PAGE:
Also in that same year, gold was discovered in California. Thousands of eager adventurers flocked thither, and thus the vast wilderness that Mexico had lightly surrendered had hardly become United States territory ere it was filled with people, not listless semi-savages, but eager, energetic men, resolute and resourceful. The West joined the march of progress; it doubled the wealth and prowess of the East. [Footnote: See Discovery of Gold in California.]
THE UPRISING OF THE PEOPLES
Important indeed was that year of 1848, noteworthy above most in the story of mankind. In Europe it witnessed the greatest of all the outbursts of democracy. The common people, easily suppressed by the armies of the Holy Alliance in 1820, had been subdued with difficulty in 1830. Now in 1848 they rose again. Their gradual accumulation of power and passion would soon be irresistible. Even the petted armies of autocracy became possessed with the new belief in mankind’s brotherhood.
This time the outburst began in Italy. Mazzini, the celebrated founder of the political society “Young Italy,” inspired his countrymen with something of his own ardent devotion to the cause of liberty and Italian union. Then in 1846 Pius IX, last of the heads of the Roman Church to possess a temporal authority as well, ascended the throne of the Papal dominions. The new Pope was in sympathy with the democratic spirit of the times, and he established in his own States a constitutional government, granting to his people more and more of power as he judged them fitted for it. Soon, however, the most radical elements asserted themselves in the new Government. All that the Pope could find it in his heart to grant, seemed to them not half enough. The mighty spirit which he had let loose broke from his control. Before the close of 1848 there were riots, fighting in the streets; the Pope’s chief counsellor was murdered, and he himself had to flee by night in secrecy, a fugitive from Rome. [Footnote: See The Reforms of Pius IX: His Flight from Rome.]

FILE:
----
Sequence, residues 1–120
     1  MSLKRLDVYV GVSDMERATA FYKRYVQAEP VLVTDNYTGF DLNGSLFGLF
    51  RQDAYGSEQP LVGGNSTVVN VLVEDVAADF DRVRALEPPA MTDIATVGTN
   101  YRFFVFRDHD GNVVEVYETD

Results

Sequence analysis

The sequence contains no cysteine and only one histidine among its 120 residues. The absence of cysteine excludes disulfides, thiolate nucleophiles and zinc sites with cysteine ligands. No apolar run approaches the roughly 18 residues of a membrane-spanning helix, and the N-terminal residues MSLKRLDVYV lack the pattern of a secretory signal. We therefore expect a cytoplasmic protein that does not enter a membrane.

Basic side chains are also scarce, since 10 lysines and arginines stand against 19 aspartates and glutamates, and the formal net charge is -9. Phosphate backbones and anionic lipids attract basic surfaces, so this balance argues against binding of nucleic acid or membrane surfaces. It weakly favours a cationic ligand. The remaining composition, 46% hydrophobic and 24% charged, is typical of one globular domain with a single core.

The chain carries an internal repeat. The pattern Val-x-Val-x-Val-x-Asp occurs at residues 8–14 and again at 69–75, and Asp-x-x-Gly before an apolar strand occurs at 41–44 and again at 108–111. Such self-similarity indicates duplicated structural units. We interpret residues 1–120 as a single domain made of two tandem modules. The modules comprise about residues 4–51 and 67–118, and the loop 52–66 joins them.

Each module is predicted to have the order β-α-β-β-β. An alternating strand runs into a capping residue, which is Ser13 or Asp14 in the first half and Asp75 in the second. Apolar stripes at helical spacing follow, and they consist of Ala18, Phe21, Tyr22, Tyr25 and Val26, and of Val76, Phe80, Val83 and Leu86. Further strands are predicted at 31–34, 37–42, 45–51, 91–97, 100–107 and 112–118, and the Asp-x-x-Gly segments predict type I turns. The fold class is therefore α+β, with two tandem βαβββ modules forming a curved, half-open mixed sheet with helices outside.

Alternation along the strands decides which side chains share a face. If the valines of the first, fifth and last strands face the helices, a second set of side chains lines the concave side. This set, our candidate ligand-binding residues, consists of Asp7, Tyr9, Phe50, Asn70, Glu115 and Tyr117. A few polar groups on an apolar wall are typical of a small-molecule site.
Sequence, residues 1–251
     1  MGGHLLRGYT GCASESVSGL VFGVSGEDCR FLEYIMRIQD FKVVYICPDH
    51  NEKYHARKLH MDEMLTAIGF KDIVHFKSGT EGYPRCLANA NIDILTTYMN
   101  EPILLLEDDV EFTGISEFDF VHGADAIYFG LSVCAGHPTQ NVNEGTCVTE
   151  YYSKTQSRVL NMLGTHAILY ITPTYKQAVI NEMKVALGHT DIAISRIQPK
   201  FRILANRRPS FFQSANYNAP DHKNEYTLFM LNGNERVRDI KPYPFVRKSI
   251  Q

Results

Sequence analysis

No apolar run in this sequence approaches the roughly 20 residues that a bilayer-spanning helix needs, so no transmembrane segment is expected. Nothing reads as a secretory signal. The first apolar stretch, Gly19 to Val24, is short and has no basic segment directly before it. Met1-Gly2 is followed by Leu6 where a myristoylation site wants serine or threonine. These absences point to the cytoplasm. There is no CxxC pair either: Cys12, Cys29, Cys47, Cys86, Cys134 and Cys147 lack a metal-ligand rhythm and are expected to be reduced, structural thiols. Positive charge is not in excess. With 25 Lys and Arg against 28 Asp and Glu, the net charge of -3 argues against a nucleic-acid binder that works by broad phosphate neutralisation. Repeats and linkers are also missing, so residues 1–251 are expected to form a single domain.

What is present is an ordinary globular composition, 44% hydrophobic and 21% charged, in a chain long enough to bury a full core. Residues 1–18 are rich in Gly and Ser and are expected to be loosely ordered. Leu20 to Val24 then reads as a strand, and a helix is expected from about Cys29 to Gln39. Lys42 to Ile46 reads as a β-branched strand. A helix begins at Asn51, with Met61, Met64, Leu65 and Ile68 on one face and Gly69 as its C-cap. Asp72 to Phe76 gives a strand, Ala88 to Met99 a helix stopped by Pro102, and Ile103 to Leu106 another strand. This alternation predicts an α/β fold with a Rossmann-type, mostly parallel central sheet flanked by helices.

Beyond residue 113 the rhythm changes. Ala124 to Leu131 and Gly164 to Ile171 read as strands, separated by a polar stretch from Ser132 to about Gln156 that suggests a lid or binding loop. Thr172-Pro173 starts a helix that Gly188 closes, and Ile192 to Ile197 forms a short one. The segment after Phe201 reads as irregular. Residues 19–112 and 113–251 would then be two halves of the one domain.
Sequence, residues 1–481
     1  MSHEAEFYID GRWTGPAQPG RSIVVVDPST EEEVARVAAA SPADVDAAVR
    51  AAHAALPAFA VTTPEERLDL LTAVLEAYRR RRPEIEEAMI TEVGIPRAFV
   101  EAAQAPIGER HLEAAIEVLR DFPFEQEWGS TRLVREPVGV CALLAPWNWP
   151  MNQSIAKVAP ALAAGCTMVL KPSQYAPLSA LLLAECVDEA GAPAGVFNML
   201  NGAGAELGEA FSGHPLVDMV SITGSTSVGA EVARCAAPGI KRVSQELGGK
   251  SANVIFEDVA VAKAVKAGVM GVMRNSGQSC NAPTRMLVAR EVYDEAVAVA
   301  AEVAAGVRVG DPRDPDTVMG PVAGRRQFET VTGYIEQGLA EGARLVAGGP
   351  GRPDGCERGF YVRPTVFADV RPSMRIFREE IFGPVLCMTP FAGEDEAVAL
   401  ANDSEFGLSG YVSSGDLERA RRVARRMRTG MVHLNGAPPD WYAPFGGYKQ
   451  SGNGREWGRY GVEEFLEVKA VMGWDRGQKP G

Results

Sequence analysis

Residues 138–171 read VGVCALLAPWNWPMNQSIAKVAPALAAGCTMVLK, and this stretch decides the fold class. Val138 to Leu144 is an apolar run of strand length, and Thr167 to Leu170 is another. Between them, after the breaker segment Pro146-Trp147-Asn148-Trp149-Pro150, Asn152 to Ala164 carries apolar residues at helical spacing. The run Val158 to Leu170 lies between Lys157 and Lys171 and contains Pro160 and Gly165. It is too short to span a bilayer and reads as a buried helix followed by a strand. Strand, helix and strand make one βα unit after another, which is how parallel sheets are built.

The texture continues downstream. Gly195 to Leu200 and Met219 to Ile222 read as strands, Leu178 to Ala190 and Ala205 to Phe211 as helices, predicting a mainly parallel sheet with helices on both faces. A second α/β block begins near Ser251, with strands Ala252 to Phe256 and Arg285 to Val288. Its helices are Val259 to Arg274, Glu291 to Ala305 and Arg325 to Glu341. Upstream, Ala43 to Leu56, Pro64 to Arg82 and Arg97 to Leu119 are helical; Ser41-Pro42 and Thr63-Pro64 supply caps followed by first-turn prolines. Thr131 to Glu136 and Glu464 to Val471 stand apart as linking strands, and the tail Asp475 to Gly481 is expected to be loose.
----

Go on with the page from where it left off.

Ere matters had reached this pass, the sudden impulse given by Rome to democratic government had spread like wildfire over the whole of Europe. Thrones everywhere seemed crumbling to the dust. In January, 1848, the people of Sicily revolted against their tyrant king and formed a republic. Southern Italy, which had been part of the same kingdom, compelled the sovereign to grant a constitution. Other Italian States followed the example of rebellion. All Europe apparently had been but waiting for the spark. In France, dissatisfaction with the “tradesman-King,” Louis Philippe, had long been bitter. In February, 1848, there was an open rebellion, Louis abdicated, and a provisional government was formed, which proclaimed the land a republic. [Footnote: See The Revolution of February in France.]